My maternal grama became sort of reclusive in her later years and had been living that way by choice for ages when she passed away. She was so very different to my dad’s mother who always had a full house. By choice. And also kept the old half pack of cigarettes in her dresser drawer from when she quit smoking back in the 60’s. She would show us. Forget. And show us again at a later date. She was very proud. My mom’s mom, though…This particular grama, I’m pretty sure she held stock in R.J. Reynolds until she died. Even a stroke hadn’t slowed her down. Groan…anyhow…
My mom was left with the task of cleaning out her place after she passed. And I remember not understanding then how pissed she was about the things left behind in my gramas house. Allll. The. Things. She wasn’t a hoarder by any stretch. But she kept things. She kept things from her younger years when she and her husband entertained great amounts of people. An amazing number of table settings in several styles. Barware enough to open a few pubs of her own. Tons of hobnail and milk glass that my mom hated cleaning as a kid. She kept things she didn’t need. And she kept things she thought she would be able to use, which I found out later was a repercussion in Depression era children and families. She was also a very vain woman and the beauty products, makeup, and wigs left behind were massive. Closets full of shoes and clothes long out of date from her years in the working world. My mother took it all in stride. For a while. She sorted through it all, keeping necessary papers and making a small box of family mementos and pictures. Everything else went to Goodwill. My mom gradually started asking out loud why her mother had kept all of these things. Quietly it went. Until the day she found a linen closet full of Kleenex boxes. And it broke her.
They were not full and useable boxes of tissue. They were empty. Stacked in the closet. Of all my mother had cleared from that house, all the heavy lugging and deep cleaning and phone calls for pickups and arranging for things and garbage bags full to capacity…these empty boxes changed something in her when she came across them that day. They were a representative answer that allowed her to finally grieve. To finally voice and acknowledge her mother’s lifelong selfishness. They allowed her to be angry. Angry at the inconvenience. Angry at the way things had turned out. Angry about her childhood. Just angry. Things she needed to feel. Unfortunately, she never really stopped feeling them after that.
My mother spent the next ten years or so paring down her own possessions. She made it her mission to not leave a burden for me and John in that way. Why have what you don’t need. Why keep things you won’t use. Why leave that for your kids to deal with. She thought about it every day. There wasn’t much to be done about my father, the perpetual hobbyist’s personal things. But, hers…everything she owned came across that chopping block of downsizing at least once.
When it came time for me to go home to make sense of everything my mom did leave behind, I saw just how deeply those tissue boxes affected her on that day. All her papers were labeled with instructions for us, in order of importance. Including ones we could get rid of entirely if she passed. All in her desk. A list of phone and account numbers for companies that needed to be notified or services that needed to be canceled. One box of old schoolwork and awards for each of us to keep. She kept minimal clothing and shoes, very minimal beauty and self care products. Just what she needed. Same with jewelry. She had even cut their linens and kitchenware down to a quarter of what they had once been. I went through it all. A matter of function and necessity. And it all went quietly and systematically for me for almost a week.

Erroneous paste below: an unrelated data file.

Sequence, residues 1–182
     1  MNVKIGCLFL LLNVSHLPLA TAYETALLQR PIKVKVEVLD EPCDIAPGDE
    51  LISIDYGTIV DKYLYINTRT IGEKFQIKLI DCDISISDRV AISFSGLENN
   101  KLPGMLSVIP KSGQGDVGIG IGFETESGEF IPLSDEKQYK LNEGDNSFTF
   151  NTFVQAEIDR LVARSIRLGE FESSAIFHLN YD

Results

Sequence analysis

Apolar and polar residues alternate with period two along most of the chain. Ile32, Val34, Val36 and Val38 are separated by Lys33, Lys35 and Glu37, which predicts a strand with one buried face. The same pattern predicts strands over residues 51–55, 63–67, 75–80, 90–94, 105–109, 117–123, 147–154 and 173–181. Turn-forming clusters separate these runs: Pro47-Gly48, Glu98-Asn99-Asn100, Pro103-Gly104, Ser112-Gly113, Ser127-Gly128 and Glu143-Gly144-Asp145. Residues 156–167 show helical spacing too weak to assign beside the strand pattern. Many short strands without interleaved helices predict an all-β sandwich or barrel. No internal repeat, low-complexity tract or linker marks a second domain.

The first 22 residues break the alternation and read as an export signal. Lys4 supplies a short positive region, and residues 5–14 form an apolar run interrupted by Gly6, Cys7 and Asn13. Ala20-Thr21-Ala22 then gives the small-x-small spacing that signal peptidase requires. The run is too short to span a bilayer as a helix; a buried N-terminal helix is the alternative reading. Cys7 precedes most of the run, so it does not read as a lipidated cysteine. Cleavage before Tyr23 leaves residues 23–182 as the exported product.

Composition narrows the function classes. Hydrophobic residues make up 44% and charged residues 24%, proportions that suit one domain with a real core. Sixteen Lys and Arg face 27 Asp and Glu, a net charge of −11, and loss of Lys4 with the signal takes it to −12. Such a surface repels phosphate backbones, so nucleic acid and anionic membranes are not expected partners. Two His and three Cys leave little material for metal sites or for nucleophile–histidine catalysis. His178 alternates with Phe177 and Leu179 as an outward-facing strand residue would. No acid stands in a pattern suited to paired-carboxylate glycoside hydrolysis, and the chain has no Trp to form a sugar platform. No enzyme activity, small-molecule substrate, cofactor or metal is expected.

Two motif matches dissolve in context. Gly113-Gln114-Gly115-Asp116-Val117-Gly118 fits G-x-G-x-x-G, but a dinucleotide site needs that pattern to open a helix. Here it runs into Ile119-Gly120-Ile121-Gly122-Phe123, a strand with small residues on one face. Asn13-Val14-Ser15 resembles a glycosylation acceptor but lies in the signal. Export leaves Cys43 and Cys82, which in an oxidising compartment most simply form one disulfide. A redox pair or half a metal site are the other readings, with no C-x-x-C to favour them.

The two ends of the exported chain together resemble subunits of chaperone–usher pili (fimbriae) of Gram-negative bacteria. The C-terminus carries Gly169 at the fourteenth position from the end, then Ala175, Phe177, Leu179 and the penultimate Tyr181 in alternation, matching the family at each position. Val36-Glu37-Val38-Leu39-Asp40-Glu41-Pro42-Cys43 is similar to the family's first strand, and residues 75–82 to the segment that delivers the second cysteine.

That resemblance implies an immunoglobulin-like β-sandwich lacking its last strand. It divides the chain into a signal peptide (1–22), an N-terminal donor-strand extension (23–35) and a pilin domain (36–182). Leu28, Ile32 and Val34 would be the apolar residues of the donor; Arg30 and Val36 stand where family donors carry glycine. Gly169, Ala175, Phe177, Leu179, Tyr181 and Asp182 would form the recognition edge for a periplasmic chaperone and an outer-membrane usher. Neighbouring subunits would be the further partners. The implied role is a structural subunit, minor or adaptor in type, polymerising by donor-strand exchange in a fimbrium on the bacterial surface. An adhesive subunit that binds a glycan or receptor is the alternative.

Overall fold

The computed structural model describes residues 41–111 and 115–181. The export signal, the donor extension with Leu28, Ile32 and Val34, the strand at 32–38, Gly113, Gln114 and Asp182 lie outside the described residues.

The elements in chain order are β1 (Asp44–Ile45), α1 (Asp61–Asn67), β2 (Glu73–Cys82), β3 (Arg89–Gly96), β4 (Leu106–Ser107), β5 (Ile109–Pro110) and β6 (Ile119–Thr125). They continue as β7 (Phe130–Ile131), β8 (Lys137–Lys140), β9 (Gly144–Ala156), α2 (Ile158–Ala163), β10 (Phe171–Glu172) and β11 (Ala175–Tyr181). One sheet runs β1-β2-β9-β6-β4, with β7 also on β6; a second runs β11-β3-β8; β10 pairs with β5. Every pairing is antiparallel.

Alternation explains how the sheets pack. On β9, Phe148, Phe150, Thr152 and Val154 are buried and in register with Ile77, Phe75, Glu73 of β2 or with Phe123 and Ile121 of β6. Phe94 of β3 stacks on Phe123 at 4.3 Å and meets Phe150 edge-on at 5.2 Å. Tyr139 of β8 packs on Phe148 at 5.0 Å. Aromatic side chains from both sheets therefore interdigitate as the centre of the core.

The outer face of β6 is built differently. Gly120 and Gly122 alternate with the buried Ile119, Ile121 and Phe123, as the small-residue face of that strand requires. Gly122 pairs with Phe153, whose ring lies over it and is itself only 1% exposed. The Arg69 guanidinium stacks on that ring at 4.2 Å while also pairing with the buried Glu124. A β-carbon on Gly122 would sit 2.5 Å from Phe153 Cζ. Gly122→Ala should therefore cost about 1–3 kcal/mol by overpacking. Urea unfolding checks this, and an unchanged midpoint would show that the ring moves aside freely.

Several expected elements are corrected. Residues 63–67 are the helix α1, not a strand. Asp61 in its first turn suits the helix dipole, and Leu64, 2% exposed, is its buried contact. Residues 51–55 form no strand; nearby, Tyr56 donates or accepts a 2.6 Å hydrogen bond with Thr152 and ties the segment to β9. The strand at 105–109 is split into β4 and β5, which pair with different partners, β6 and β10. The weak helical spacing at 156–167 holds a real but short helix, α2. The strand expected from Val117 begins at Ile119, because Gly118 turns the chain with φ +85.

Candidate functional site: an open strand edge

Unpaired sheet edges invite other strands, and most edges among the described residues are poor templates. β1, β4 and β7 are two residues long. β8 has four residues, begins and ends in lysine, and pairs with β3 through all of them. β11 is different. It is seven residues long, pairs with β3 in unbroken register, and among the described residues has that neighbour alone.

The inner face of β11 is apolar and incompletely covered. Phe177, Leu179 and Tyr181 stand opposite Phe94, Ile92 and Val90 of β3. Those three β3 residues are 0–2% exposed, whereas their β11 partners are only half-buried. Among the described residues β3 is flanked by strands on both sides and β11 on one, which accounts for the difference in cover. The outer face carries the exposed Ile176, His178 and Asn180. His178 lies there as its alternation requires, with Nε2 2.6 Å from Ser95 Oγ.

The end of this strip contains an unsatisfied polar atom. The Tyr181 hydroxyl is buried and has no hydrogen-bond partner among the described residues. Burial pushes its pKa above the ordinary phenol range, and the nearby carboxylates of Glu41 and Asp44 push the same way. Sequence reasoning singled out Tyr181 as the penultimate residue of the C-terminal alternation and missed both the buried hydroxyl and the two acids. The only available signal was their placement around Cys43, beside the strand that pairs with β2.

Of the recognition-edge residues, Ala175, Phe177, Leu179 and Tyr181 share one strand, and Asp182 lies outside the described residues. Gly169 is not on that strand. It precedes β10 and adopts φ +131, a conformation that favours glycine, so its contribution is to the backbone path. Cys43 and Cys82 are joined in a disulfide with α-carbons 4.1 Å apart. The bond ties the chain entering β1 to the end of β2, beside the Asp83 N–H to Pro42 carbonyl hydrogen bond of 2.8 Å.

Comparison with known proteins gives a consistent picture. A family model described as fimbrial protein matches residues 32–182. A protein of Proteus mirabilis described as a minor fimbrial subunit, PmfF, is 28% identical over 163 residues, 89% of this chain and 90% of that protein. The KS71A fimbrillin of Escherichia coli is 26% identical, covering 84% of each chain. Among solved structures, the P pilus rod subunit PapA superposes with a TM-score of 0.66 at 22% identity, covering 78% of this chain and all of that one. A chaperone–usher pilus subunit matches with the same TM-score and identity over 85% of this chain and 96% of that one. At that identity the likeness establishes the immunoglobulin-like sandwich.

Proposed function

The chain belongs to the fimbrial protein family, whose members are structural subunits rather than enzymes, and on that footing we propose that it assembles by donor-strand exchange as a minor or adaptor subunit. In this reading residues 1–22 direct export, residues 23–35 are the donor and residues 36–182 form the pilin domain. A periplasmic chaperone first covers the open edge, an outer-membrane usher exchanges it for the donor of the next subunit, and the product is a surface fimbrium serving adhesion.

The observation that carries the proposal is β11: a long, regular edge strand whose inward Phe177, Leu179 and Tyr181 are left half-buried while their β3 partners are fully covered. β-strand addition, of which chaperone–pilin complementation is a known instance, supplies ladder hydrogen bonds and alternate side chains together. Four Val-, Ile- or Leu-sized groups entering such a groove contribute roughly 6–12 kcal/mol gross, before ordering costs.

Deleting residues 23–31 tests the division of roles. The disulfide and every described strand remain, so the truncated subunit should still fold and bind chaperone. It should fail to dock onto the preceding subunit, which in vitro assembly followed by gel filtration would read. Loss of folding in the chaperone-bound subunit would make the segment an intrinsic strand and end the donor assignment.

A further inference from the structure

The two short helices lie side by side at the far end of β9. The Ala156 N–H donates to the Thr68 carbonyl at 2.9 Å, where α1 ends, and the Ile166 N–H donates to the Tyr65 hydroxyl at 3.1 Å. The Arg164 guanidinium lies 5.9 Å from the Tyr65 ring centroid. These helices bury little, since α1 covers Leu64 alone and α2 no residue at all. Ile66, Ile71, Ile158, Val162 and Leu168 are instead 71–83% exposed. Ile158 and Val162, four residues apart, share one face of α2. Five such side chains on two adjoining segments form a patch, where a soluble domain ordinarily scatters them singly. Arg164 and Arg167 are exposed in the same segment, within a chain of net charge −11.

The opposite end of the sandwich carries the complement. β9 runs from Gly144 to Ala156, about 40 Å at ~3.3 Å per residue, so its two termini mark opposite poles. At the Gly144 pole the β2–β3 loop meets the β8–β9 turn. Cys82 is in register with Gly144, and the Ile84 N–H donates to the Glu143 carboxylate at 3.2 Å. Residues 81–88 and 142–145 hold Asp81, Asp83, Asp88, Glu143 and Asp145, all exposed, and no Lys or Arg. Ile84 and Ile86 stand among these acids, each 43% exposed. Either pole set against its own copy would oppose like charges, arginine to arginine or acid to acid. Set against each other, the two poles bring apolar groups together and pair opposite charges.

Under her bed was a plastic tub with just a few things inside. There were two cell phones I’d given her years prior. Ones she didn’t use once she got a smartphone. They were stored back in their original packaging, along with their cords and instructions. Tidy and unassuming. Heartbreakingly symbolic. And I lost my fucking mind.
These phones were my Kleenex boxes that gave me permission to grieve for my mom. On my own. I let go. I sat there on my knees at that box and said over, and over. And over again, “she tried so hard”. I know that she did. I always knew that she did.
My mother didn’t leave behind torment. Burden. Or rememberances of a selfish nature. When she moved on, she left behind her a lifetime of hurt and pain. She left behind journals full of words from a woman whose life did not turn out as she’d planned. A woman who followed God to better understand a husband she could never reach. She left behind every sign she could of how hard she tried to make everything easier on everyone while she was suffering for so long. And I had to carry on and feel that of her. Still.
We are often allowed to choose what our memories are of our loved ones. What we will hold to our hearts, smile, and what we will set aside. But some memory we do not get to choose or filter so nicely as it is formed of a private reality and that reality only. Though, it is uncomfortable to accept, I do believe my mother was always suffering. Just as she believed her mother was cold and uncaring for the duration. And there were objects remaining that defined those realities. I have given much thought lately to what my kids will have on their hands with me. What their nicely filtered memories will be, weighed against an object that may represent a converse reality only they will understand or see. Private to them, I can never know what it will be. But I do think about it. Because I have come to know that whatever it may be, they will carry it with them, and feel it of me. And that they will never really stop feeling it.